The Tomatometer rating – based on the published opinions of hundreds of film and
television critics – is a trusted measurement of movie and TV programming quality
for millions of moviegoers. It represents the percentage of professional critic reviews
that are positive for a given film or television show.
From the Critics
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The Tomatometer is 60% or higher.
The Tomatometer is 59% or lower.
Movies and TV shows are Certified Fresh with a steady Tomatometer of 75% or
higher after a set amount of reviews (80 for wide-release movies, 40 for
limited-release movies, 20 for TV shows), including 5 reviews from Top Critics.
Percentage of users who rate a movie or TV show positively.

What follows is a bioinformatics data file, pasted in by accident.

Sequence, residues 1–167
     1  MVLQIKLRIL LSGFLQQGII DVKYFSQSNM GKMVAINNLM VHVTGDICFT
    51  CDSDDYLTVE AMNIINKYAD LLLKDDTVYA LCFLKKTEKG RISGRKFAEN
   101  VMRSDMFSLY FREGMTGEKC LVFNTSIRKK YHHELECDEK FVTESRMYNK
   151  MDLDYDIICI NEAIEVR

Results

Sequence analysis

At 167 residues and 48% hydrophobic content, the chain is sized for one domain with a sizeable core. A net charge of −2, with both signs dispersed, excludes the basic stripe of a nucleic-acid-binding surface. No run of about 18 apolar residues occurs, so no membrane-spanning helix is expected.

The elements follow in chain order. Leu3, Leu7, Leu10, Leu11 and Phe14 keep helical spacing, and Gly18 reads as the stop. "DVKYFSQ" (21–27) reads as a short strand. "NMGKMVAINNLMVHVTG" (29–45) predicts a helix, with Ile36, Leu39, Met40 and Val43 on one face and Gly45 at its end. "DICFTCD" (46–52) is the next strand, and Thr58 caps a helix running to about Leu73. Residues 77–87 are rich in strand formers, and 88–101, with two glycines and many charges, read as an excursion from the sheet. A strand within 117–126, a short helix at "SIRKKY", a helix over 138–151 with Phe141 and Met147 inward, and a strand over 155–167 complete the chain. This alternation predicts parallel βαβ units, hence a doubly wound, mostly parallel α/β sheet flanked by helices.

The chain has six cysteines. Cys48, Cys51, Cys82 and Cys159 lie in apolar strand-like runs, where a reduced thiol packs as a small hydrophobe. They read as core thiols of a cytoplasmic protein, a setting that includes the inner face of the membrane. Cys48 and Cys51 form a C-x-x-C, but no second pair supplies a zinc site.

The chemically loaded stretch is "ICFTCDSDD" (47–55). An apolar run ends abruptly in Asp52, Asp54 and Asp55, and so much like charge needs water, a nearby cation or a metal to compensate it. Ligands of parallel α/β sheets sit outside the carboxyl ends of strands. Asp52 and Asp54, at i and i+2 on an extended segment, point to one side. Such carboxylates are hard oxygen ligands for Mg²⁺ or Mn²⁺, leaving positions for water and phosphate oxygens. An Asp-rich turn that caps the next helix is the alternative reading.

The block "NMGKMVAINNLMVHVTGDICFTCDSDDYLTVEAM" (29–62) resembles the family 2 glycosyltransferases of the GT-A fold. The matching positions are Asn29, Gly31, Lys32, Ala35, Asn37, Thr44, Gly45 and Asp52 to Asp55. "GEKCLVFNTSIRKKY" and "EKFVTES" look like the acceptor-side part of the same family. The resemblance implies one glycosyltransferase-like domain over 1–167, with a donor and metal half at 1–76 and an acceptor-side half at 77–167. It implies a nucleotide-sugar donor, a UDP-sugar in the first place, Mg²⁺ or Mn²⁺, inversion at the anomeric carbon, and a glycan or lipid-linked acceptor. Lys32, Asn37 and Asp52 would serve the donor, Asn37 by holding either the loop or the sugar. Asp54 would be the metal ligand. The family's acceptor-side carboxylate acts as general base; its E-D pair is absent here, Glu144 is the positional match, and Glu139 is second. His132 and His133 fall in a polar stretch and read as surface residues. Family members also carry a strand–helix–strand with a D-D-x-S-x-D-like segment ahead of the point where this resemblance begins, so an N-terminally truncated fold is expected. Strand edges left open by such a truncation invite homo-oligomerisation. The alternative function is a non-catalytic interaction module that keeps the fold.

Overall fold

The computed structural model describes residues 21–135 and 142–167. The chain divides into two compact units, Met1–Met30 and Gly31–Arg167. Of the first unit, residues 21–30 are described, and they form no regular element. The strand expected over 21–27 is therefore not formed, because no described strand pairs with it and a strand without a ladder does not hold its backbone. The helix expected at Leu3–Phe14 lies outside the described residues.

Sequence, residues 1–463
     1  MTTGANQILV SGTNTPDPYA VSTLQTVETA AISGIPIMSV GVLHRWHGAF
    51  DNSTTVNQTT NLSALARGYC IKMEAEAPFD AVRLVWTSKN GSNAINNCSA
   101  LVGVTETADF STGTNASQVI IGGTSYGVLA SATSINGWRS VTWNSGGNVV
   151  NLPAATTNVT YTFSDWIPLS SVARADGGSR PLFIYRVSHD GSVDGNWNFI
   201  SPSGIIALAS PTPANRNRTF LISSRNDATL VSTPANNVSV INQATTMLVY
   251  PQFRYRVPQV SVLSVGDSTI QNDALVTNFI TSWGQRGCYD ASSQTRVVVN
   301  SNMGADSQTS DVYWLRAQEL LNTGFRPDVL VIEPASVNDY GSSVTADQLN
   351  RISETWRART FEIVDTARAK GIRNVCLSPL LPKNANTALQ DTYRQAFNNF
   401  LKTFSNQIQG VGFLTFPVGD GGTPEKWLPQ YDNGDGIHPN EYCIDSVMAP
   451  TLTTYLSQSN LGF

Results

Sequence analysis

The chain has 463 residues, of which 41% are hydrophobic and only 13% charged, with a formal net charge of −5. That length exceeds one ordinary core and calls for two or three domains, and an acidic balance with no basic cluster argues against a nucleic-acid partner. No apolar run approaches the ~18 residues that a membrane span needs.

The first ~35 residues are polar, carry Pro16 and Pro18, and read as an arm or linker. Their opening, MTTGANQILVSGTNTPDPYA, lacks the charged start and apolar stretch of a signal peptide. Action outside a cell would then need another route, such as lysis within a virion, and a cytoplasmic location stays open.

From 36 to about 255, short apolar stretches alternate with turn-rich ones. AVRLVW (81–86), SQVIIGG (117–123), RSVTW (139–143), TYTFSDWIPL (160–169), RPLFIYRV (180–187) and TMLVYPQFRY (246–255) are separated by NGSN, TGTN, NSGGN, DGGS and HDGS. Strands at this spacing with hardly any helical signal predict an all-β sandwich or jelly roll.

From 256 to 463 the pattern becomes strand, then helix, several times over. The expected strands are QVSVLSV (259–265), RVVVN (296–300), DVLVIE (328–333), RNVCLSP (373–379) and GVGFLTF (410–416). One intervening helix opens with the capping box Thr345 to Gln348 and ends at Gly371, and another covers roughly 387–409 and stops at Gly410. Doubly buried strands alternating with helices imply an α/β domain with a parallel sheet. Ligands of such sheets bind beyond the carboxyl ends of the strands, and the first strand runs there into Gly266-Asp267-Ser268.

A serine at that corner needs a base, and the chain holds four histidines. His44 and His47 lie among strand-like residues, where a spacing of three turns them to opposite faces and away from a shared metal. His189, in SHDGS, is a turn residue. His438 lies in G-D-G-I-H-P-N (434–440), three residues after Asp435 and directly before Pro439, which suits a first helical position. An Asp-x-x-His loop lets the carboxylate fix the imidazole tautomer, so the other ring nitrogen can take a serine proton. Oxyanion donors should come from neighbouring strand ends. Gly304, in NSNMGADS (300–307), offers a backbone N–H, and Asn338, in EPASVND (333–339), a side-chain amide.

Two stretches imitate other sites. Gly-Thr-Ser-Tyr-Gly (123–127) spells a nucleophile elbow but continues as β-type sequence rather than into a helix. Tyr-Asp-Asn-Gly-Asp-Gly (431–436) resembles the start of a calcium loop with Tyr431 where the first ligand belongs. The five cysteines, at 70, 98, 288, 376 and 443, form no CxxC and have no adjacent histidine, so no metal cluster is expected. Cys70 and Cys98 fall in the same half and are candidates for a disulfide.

Saul J. Turell succeeded at enough different aspects of the movie business for any three careers: as a distributor and producer of documentary films, a pioneer in the field of cable television, a distributor of classic feature films from the 1920s through the 1960s, and as an Oscar-winning filmmaker. Turell was a key figure in facilitating the revival of interest in classic cinema during the 1960s, 1970s, and 1980s. Saul Turell was born in the Bronx, NY, in 1921, and became a filmgoer at an early age thanks to his grandmother, whom he accompanied to the movies regularly when he was still a boy. He served in the United States Army in the South Pacific during World War II, and intended to go into the movie business as a producer at the end of the war. He discovered, however, that there were too many people who were already in or entering the business on the technical side, especially in the field of editing, which he knew something about and through which he'd intended to begin his career. Instead, he became a distributor, founding a company called Sterling Films in 1946. Over the next decade, Turell assembled and directed numerous short documentary films built around easy-to-sell titles and themes, such as Carnival and Sports Around the World; in a manner anticipating the business model of American International Pictures and its co-founders Samuel Z. Arkoff and James H. Nicholson, Turell would often come up with the title and then put the movie together from any newsreel footage that he could gather, with whatever extra features he could draw on, which was how one of his big early successes, Death In the Arena, came about. Dealing with the demise of the matador Manolete, the title of the film came first, then footage of men in the bullring, and all of it enhanced with stills of the late Manolete that had been given to Turell by the man's mother, with whom he had a previous acquaintance. Sterling Films prospered from the late '40s onward; along with Castle Films and Official Films, it was one of the three major suppliers of such vest-pocket documentaries, and when the theatrical market for such short films began drying up, Turell moved into the newly robust, largely untapped non-theatrical market, distributing 16mm prints of his releases to schools and other institutions. He also created School News Digest, a series of newsreel-type documentary shorts aimed specifically at junior high school and high school audiences. At the end of the 1950s, Turell moved into other areas, most notably television; in 1960, he created the anthology series Silents Please, the first (and only) vehicle for the presentation of silent movies on network television. Although hardly ideal in format or presentation, as the material in question was cut into 30-minute segments, the series did allow a new generation of viewers to discover (and older audiences to rediscover) works such as Raoul Walsh's The Thief of Bagdad (1924) and F.W. Murnau's Nosferatu (1922). Hosted by Ernie Kovacs and shown on ABC, the show was a critical and commercial success. Turell was also one of those responsible for Legend of Valentino, the groundbreaking 1960 documentary that profiled the life and career of Rudolph Valentino. For NBC, he made Hollywood: The Golden Years, a series hosted by Gene Kelly that took a look back at the early years of the talkies. In 1963, Turell also co-wrote The Great Chase, a classic documentary about silent films built around chase sequences, that went further toward restoring that filmmaking era to the consciousness of modern viewers. During the early '60s, Sterling Films merged with the Walter Reade Organization, a huge distribution company, to become Reade-Sterling, with Turell serving as its president. He later founded Sterling Communications in partnership with Chuck Dolan, which became Sterling Cable, a fledgling cable television outfit in New York during the mid-'60s that subsequently evolved into Manhattan Cable, which would be absorbed i